CR294 Pre-existing conditions Hypertension and cholesterolaemia as causes of heart failure –proof
Hypertension and cholesterolaemia as causes of heart failure –proof
The insured’s life policy provided that “No amount shall be payable in the event of your illness, bodily injury, physical defect, ill health, or any other condition which materially contributed to the death claim against the policy, existed (sic) prior to the commencement of the insurance.” The insured died of a heart attack and the insurer rejected the death claim because, prior to the inception of the policy, when the insured life was 55 years old, he had been diagnosed with hypertension as well as cholesterolaemia. The insurer did not submit any blood pressure readings or cholesterol counts to the office, nor did it attempt to prove when these conditions had commenced. One post contractual blood pressure reading of 149/80 was submitted, and as to cholesterol the overall ratio, after conclusion of the contract, was found to be satisfactory. The insured life had no history of any symptoms of heart disease such as angina or shortness of breath. No post mortem was carried out to determine the actual cause of death.
The office pointed out that the onus was on the insurer to prove that the pre-existing conditions were the proximate cause of the death, or as the policy put it, that they materially contributed to it.
It is well known that hypertension, even if properly managed, could have a damaging effect on a person’s arteries and heart, especially if it is accompanied by hypercholesterolaemia. Thus if a person had these symptoms before conclusion of the contract and suffers a heart attack resulting in death, insurers usually assume that the pre-existing conditions as such were a cause of the heart attack. It is not in every case, however, that those conditions will necessarily have contributed to the heart attack. In the final analysis the real cause is always a question of fact.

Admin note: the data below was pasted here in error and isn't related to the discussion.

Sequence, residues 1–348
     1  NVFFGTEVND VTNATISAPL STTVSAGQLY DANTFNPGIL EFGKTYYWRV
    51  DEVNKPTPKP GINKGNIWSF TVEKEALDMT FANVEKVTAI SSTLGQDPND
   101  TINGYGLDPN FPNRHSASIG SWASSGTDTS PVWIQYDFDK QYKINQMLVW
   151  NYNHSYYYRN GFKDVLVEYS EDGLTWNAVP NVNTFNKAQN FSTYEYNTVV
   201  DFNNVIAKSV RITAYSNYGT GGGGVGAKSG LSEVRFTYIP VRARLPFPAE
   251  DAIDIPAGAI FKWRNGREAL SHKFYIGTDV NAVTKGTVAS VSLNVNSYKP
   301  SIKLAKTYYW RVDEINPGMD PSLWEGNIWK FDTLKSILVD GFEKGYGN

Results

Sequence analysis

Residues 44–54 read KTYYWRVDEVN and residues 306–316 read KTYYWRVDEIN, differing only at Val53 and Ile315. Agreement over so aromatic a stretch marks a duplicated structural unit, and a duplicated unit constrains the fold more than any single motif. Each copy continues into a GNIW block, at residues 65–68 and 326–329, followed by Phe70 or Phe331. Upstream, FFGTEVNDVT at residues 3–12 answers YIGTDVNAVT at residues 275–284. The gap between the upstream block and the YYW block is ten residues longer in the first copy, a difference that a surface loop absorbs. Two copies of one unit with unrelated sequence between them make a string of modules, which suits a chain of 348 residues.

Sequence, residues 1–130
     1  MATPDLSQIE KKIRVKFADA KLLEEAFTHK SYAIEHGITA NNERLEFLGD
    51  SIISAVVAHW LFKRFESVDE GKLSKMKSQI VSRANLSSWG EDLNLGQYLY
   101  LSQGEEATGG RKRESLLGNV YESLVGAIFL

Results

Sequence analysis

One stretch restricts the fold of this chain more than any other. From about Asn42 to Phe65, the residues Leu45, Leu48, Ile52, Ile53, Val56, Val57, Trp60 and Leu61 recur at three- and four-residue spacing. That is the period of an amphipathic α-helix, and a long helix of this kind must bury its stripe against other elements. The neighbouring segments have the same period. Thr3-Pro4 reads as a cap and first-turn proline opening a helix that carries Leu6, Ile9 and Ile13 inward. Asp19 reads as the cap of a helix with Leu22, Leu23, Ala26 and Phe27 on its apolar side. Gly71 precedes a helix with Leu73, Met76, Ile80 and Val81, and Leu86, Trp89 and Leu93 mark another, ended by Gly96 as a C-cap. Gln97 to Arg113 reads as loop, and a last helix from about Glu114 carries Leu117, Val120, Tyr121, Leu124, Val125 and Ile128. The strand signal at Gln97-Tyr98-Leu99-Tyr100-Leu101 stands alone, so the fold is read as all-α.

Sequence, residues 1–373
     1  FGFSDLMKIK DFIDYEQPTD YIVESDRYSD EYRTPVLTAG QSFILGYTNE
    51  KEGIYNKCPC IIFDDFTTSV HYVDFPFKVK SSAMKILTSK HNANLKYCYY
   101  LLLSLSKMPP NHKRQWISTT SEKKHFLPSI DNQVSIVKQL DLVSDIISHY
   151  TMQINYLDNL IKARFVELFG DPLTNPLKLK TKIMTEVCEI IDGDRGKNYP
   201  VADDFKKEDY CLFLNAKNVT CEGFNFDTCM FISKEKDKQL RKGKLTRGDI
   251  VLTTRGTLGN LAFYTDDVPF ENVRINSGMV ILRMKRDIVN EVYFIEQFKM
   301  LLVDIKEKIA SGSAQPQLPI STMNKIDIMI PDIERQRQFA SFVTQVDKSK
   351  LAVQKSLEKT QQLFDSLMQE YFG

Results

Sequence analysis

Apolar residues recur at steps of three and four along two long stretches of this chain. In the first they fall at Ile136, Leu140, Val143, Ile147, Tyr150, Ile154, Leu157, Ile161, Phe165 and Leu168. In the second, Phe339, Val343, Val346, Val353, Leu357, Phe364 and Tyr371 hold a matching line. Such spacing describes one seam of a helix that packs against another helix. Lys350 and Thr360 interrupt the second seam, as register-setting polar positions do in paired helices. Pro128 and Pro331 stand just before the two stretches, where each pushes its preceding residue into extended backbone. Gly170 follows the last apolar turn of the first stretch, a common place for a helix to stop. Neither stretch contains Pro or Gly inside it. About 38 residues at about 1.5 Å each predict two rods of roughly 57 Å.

The office asked for expert medical opinion to assist with the assessment of the available evidence. The first expert said he presumed the alleged pre-existing conditions to have been present for some years. In his opinion the two factors are highly significant relating to coronary heart disease. They promote atherosclerotic vascular damage which persists despite adequate control aimed at reducing the progress of such damage. In his opinion the insurer had therefore satisfied the onus resting on it.
The second expert’s opinion was that the post-contractual blood pressure reading had not been bad for a person of the life insured’s age. Considering the evidence and the probabilities he could not conclude that the pre-existing conditions materially contributed to the death.
The office was not persuaded by the views of the first expert. It was of the opinion that speculation is not sufficient, and that the seriousness of the particular conditions and their duration were relevant and should therefore have been proved, which they were not. A person whose blood pressure is only slightly above normal is not as liable to heart failure as a person who has suffered over a prolonged period from blood pressure that is far above normal.
The office ruled that there was insufficient evidence to support a finding, on the probabilities, that either of the alleged risk factors eventually materialised as having contributed to the cause of the insured’s death.